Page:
Thursday, February 20, 2014

Magic, animals, and intrigue: a batch of book reviews

With so much going on with my academic work (including my first article accepted for publication!), I've fallen behind on book reviews.  Here are a few brief thoughts on the childrens, YA, and adult novel I've read recently - some I loved, some were disappointing, but all were wonderful breaks from academic research.

Tamora Pierce's The Circle Opens quartet (Magic Steps, Street Magic, Cold Fire, and Shatterglass) is kind of a bummer after her original Circle of Magic set.  The original four books focused on the growing friendship between four lonely children who had magic with everyday things - weaving, smithing, gardening, and weather.  When the four wove their magic together, they found unexpected strength, and even at their young age, were able to help their teachers solve some very real problems, like a pirate attack, a massive forest fire, and even a plague.  The quality of the original books derived from the relationships between these characters, and I think it was a mistake for Pierce to separate the four in the sequel quartet.  As the title (The Circle Opens) implies, the four go their separate ways.  Without the interaction between Sandry, Tris, Daja, and Briar, the charm is gone, and oddly, the plot of every single book is the same: now a fully-credentialed mage, each has a responsibility to teach a new student - we readers are introduced to dancing, stone, cooking, carpentry, and glass magic.  The student resists, not believing that he or she really has magic, but eventually, our protagonist convinces their new student, and after some lessons, teacher and student help foil a serial killer.  Yes, really.  All four of the books revolve around stopping a serial killer.  With so many possible plotlines for these young mages taking their first adventures in the world, why did Pierce think it was a good idea for every one of these four books to sound exactly the same?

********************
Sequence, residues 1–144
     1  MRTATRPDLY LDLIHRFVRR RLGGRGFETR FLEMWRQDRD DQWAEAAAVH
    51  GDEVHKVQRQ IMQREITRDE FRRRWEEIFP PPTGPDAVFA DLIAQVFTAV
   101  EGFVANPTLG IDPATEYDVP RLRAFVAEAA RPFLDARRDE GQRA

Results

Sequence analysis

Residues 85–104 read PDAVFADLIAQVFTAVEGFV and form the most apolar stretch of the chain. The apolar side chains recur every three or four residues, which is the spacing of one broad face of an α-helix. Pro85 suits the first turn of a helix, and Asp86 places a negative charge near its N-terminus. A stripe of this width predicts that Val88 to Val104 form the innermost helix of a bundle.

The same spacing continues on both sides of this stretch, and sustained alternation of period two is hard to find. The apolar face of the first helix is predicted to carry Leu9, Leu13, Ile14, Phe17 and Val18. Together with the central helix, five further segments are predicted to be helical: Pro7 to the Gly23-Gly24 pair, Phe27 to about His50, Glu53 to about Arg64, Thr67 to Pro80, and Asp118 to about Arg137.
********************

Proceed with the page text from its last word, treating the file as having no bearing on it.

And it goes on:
On a brighter note, it turns out that the rumors are true - The Princess Bride book is even better than the movie!  I loved the parenthetical asides, I loved the extended rescue from the Zoo of Death, and most of all, I loved the deliberate absurdity of Buttercup and Westley's romance.  The movie presents an epic romance, while the book has more ironic distance, satirizing the political situation of this fantasy realm and poking fun at the mere idea of an epic romance.





I looked up Edith Wharton's The Buccaneers after hearing that it helped influence the character of Cora on Downton Abbey.  Indeed, the novel is about "new money" American heiresses who marry into the English nobility.  The American women get titles and their English husbands get the infusion of funds needed to support their struggling estates - good for everybody, right?  Except that this is Edith Wharton we're talking about, and so no one can really be happy.  The novel is fantastic, and the real tragedy is that it was Wharton's last, and left unfinished.  Just like Elizabeth Gaskell's Wives and Daughters, readers aren't left hanging - the remainder of the plot is outlined for us.  But it's maddening to get so far into a great story and be left hanging!  (I'm reluctant to read a version completed by anyone else, but if that idea appeals to you, evidently you can find such copies.)